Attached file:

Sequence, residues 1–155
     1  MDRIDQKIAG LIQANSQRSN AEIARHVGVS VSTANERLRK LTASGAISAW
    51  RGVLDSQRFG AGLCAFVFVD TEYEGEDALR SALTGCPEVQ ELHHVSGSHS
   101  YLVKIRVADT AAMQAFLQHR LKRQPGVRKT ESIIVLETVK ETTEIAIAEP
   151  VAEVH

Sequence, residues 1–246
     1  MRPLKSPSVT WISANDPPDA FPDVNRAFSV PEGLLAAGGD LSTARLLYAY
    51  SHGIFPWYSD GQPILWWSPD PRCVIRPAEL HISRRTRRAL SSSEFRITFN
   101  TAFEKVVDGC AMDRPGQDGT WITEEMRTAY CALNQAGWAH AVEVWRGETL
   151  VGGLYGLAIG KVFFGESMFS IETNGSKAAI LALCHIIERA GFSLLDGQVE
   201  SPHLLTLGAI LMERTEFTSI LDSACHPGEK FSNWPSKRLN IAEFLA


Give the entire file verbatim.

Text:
Sequence, residues 1–155
     1  MDRIDQKIAG LIQANSQRSN AEIARHVGVS VSTANERLRK LTASGAISAW
    51  RGVLDSQRFG AGLCAFVFVD TEYEGEDALR SALTGCPEVQ ELHHVSGSHS
   101  YLVKIRVADT AAMQAFLQHR LKRQPGVRKT ESIIVLETVK ETTEIAIAEP
   151  VAEVH

Sequence, residues 1–246
     1  MRPLKSPSVT WISANDPPDA FPDVNRAFSV PEGLLAAGGD LSTARLLYAY
    51  SHGIFPWYSD GQPILWWSPD PRCVIRPAEL HISRRTRRAL SSSEFRITFN
   101  TAFEKVVDGC AMDRPGQDGT WITEEMRTAY CALNQAGWAH AVEVWRGETL
   151  VGGLYGLAIG KVFFGESMFS IETNGSKAAI LALCHIIERA GFSLLDGQVE
   201  SPHLLTLGAI LMERTEFTSI LDSACHPGEK FSNWPSKRLN IAEFLA